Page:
Tuesday, May 5, 2009
Lawson Value Line Tuna Mayo Pizza
There's an excellent blog called "Heat Eat Review" which features frozen and ready to eat food reviews. I've often thought that such an idea would be interesting for Japanese frozen or prepared meals, but the truth is that there isn't much of such types of food around relative to the U.S. The fact that women tend to cook most of the time and housewives are still pretty common means people tend to get full and balanced meals rather than grab something quick. Also, the types of food that are available in this area tend to be expensive and of very poor quality. It'd require one to eat an entire meal of junk instead of just the snack size things that I review.
As I mentioned in a former review of a prepared ham and cheese bagel, I rarely buy prepared food, frozen or otherwise. The only time I tend to buy it is when I'm not feeling well and feel too tired or sick to cook. The night before I bought the Lawson's Value Line frozen pizza that I only slept about 4 hours, so I was ripe for an easy meal when I hit the local convenience store for milk. I found this pizza, along with a similar one called a "mix pizza" and decided to give it a go.
The pizza cost 100 yen (about a dollar) and is 14 cm (5.5 in.) in size. The entire pizza has 249 calories, which is what puts it into the "snack" range and not a meal. It comes in a plastic shrink-wrapped package inside of it's main plastic package. I guess they feel it needs the extra wrapping for freezer burn protection. The instructions on the package recommend that you cook this in the toaster oven for 5-6 minutes at 1000 watts, but I found that was not long enough for the cheese to melt or the crust to get a bit brown.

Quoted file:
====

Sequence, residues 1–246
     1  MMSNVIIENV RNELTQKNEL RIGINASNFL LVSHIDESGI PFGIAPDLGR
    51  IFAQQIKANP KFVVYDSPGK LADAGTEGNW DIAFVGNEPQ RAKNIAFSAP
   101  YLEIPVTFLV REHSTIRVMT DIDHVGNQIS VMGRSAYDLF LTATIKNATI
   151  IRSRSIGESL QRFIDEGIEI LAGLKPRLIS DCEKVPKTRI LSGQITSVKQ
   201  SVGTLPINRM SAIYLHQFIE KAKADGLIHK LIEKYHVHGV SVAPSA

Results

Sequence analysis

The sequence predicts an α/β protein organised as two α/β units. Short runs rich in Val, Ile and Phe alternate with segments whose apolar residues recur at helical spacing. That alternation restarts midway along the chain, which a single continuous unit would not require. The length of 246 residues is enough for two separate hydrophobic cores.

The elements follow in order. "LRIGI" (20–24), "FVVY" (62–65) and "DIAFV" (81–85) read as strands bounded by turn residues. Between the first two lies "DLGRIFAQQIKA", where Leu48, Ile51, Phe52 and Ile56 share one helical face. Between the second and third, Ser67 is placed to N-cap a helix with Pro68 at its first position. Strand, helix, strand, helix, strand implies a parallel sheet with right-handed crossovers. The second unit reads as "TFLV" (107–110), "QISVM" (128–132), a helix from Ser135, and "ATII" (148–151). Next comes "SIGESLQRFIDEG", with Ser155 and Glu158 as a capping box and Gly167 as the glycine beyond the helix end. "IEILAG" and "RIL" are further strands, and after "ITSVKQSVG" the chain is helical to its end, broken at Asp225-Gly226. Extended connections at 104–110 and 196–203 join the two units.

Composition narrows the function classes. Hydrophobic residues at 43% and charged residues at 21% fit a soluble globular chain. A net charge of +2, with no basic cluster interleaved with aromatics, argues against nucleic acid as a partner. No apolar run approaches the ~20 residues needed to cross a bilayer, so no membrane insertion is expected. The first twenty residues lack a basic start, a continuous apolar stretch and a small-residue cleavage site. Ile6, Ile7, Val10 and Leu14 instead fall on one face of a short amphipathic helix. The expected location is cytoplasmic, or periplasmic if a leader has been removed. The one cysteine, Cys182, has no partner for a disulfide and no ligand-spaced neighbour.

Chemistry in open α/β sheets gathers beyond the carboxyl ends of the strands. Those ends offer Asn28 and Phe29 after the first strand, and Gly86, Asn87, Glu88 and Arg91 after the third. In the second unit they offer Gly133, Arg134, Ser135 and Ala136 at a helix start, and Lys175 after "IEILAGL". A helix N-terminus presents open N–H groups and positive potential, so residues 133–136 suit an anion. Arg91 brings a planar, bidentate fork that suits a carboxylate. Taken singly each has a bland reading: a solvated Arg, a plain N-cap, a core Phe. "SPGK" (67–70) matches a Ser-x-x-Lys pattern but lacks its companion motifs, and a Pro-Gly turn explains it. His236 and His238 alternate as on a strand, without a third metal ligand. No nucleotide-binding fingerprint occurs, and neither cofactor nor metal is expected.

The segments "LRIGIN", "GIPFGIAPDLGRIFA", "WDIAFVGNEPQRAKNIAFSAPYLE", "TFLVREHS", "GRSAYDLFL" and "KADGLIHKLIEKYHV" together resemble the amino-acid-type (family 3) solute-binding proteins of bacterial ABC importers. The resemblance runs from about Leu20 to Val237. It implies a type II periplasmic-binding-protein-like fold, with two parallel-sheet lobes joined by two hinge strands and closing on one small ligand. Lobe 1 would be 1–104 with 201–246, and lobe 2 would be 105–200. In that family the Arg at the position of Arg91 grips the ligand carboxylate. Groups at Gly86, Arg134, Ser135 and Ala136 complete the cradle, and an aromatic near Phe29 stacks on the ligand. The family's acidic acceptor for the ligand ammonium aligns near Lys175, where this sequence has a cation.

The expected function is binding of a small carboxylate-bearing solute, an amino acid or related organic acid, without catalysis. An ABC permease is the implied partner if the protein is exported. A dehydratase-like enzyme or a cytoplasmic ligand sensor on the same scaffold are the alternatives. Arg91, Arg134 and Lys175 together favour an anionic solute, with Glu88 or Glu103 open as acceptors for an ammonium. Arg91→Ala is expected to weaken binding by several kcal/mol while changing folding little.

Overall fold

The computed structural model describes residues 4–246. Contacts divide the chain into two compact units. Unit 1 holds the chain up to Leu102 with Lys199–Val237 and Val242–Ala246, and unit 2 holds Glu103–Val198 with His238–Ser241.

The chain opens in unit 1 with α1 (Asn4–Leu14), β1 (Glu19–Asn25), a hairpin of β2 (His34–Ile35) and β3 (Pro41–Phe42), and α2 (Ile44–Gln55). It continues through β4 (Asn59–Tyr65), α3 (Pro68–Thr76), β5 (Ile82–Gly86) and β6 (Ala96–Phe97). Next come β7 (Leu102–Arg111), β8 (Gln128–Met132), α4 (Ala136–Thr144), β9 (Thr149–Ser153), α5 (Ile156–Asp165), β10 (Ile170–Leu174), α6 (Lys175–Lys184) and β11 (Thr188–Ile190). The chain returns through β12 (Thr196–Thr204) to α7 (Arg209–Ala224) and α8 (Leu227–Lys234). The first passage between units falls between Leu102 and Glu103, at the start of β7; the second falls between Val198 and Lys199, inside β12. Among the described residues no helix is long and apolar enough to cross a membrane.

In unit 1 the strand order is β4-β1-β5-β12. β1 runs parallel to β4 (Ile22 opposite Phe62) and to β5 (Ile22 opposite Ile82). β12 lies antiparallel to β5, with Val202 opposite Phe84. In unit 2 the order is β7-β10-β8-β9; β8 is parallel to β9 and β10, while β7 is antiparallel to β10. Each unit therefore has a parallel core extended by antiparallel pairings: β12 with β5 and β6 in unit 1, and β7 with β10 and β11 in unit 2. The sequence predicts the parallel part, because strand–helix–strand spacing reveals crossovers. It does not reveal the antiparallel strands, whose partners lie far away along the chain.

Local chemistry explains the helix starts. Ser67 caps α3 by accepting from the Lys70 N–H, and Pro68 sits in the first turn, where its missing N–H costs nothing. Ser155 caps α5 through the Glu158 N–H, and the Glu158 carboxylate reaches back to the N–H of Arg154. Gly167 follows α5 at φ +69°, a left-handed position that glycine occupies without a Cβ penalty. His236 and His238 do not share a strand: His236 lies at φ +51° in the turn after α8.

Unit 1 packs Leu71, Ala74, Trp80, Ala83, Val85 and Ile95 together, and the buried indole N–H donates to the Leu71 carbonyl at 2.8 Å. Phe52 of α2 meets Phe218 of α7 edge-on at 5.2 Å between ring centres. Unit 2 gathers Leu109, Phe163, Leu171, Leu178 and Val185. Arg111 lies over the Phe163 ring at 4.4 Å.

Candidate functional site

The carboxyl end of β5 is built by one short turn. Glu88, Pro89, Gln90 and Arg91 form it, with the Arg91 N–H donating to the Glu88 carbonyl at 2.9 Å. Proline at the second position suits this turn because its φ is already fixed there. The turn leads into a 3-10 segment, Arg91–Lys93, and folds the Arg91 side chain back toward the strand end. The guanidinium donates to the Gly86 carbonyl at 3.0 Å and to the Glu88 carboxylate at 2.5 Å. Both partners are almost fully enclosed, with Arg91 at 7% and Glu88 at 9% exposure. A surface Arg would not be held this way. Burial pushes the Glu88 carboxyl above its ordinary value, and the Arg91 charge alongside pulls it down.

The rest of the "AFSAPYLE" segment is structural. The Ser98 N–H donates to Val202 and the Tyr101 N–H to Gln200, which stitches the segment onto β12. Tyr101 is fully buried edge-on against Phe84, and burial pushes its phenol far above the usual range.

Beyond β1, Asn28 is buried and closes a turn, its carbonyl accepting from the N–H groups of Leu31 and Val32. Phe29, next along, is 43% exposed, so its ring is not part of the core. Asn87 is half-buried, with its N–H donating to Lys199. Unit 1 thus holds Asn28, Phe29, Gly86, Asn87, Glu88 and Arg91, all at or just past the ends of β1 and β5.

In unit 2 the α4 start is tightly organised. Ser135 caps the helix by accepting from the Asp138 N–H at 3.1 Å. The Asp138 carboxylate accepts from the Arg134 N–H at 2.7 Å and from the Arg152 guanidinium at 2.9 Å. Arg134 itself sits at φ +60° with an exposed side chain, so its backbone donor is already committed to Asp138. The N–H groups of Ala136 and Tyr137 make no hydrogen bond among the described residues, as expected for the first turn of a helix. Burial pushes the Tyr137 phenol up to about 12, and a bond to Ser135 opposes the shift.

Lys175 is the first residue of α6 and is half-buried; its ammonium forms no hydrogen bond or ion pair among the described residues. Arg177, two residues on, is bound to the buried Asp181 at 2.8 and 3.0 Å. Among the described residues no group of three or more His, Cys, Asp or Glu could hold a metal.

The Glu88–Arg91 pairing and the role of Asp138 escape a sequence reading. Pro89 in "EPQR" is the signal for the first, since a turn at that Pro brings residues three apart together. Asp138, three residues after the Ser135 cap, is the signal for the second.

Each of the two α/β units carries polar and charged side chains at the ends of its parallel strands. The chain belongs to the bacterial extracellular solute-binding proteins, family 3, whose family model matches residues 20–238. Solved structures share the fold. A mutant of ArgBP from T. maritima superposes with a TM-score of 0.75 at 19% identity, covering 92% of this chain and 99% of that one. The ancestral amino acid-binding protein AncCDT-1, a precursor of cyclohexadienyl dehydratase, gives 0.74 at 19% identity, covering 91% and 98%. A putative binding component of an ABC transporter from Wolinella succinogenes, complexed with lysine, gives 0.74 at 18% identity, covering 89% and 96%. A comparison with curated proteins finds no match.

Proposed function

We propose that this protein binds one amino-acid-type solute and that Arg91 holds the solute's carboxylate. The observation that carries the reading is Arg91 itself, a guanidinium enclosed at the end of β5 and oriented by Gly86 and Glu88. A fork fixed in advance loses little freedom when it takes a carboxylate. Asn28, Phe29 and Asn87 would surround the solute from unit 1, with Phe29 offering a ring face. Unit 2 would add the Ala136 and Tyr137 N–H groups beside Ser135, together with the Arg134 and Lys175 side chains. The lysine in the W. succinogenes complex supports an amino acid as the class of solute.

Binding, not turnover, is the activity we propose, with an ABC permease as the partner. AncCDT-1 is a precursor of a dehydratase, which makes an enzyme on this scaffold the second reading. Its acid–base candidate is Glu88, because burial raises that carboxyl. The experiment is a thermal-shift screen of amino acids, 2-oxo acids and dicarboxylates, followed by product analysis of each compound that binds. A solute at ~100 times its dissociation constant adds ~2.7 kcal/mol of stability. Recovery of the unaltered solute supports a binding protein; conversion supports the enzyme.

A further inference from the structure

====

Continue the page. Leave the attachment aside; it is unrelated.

After cooking, the pizza smells odd. It has a bit of a tomato smell, but also a strange nondescript fishy smell which I associate with Japanese food. I'm guessing that smell would be the tuna. While the crust is your standard preformed crust, it actually has a little better texture than average. The outsides is slightly crispy and the inside is nicely chewy. The sauce is inoffensive, but not very flavorful. In fact, the main problem is that aside from the crust and the tomato sauce, there's very little flavor at all. The tuna is more of an aftertaste than an actual topping. The cheese is so sparse as to be undetectable as is the corn.
I should note that I had very low expectations of this given that it's very small and cheap, and frozen pizza in Japan is abysmal on the whole. The crust exceeded my expectations, but the toppings were about usual for a Japanese frozen pizza. This makes for a pretty nice "bread" if you manage to cook it just right in the oven. It really isn't much as pizza though. If you'd like a soft, warm pizza-flavored bread to go along with a salad or as a snack at tea time, this wouldn't be a bad choice. I'd say this is fine as long as you're in the mood for that and nothing more.